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    Neutral lipids (NLs) are a class of hydrophobic, chargeless biomolecules that play key roles in energy and lipid homeostasis. NLs are synthesized de novo from acetyl-CoA and are primarily present in eukaryotes in the form of triglycerides (TGs) and sterol-esters (SEs). The enzymes responsible for the synthesis of NLs are highly conserved from Saccharomyces cerevisiae (yeast) to humans, making yeast a useful model organism to dissect the function and regulation of NL metabolism enzymes. While much is known about how acetyl-CoA is converted into a diverse set of NL species, mechanisms for regulating NL metabolism enzymes, and how mis-regulation can contribute to cellular pathologies, are still being discovered. Numerous methods for the isolation and characterization of NL species have been developed and used over decades of research; however, a quantitative and simple protocol for the comprehensive characterization of major NL species has not been discussed. Here, a simple and adaptable method to quantify the de novo synthesis of major NL species in yeast is presented. We apply 14C-acetic acid metabolic labeling coupled with thin layer chromatography to separate and quantify a diverse range of physiologically important NLs. Additionally, this method can be easily applied to study in vivo reaction rates of NL enzymes or degradation of NL species over time.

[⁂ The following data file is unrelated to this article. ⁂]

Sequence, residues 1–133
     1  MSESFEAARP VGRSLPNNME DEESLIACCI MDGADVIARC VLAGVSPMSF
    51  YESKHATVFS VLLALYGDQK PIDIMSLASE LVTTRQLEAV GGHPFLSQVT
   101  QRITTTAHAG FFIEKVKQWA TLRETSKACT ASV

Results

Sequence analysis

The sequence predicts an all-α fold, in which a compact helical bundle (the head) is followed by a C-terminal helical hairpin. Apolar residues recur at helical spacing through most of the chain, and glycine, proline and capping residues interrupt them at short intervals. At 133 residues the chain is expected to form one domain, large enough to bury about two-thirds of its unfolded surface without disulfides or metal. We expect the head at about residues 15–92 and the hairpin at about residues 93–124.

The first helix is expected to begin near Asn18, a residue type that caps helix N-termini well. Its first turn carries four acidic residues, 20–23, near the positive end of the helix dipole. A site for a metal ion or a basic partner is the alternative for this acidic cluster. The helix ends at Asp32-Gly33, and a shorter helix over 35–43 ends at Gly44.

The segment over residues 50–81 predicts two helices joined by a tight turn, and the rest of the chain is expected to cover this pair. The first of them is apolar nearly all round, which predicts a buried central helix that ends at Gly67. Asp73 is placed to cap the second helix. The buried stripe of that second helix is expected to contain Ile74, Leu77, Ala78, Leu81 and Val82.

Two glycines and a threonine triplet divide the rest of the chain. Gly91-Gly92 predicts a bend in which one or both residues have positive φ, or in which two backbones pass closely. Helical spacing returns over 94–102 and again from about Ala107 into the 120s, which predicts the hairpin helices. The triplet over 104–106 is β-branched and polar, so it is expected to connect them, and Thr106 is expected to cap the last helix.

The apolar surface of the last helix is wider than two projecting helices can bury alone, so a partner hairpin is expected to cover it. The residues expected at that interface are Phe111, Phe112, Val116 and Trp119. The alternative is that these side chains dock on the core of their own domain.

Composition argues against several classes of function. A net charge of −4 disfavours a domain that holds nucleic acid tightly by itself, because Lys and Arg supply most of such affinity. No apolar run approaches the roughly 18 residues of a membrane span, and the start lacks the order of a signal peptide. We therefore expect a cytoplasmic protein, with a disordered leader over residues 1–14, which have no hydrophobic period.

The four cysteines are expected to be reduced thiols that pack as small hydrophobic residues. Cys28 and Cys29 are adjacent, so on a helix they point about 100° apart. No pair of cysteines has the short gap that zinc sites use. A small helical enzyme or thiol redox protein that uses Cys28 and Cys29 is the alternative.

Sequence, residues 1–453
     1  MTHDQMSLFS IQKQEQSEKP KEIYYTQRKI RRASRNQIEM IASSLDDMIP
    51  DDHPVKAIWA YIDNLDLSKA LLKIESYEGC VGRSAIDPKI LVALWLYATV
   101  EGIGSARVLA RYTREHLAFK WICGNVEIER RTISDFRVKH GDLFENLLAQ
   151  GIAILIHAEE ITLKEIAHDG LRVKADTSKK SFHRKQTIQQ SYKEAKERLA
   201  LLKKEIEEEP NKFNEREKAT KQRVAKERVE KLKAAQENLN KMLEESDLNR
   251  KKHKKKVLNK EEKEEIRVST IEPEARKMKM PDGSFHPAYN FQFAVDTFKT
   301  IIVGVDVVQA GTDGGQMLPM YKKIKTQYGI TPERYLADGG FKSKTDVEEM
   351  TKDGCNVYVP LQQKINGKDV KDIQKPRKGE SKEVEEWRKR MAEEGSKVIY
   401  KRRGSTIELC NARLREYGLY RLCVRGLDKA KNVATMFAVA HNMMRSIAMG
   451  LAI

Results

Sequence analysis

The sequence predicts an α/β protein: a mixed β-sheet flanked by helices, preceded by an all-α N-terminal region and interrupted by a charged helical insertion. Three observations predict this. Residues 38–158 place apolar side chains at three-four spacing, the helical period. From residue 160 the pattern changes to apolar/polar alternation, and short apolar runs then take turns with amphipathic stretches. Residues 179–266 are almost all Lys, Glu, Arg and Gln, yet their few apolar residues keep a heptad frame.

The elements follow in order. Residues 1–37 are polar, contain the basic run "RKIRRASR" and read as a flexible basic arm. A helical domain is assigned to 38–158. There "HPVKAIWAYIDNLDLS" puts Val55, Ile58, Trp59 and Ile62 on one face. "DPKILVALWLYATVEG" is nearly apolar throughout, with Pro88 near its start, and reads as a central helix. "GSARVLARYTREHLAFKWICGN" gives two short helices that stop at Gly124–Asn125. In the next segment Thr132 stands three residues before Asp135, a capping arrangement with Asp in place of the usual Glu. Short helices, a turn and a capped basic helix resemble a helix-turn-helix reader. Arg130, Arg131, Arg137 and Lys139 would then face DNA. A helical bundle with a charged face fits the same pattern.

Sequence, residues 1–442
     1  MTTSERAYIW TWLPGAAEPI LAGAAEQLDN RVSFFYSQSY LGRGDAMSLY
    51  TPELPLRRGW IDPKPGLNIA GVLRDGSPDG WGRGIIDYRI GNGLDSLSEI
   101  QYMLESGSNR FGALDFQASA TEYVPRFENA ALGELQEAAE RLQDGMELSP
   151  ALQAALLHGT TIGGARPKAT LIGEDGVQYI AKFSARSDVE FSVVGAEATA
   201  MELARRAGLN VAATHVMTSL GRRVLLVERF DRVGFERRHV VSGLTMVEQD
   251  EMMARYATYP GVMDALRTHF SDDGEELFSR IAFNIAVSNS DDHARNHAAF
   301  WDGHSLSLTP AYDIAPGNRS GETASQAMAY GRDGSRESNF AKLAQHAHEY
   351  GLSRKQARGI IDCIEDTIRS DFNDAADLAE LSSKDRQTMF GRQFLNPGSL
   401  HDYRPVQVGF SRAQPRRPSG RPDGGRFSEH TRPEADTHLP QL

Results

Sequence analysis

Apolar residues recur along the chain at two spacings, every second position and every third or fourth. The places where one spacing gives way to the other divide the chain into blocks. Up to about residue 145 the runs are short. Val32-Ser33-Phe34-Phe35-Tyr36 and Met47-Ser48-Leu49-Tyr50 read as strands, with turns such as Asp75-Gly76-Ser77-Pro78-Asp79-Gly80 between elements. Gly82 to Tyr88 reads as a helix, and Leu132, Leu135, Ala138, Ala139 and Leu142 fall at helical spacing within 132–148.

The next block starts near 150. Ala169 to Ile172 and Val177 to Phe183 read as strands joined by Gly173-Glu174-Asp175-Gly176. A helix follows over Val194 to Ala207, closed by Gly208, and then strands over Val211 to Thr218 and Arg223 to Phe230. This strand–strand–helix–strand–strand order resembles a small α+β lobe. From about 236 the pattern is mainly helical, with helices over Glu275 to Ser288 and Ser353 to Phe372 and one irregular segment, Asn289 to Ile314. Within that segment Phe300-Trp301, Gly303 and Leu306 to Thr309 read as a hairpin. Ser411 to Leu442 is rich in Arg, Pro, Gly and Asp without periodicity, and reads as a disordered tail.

Sean Rogers, W Mike Henne. Analysis of Neutral Lipid Synthesis in Saccharomyces cerevisiae by Metabolic Labeling and Thin Layer Chromatography. Journal of visualized experiments : JoVE. 2021 Feb 02(168)

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    PMID: 33616103

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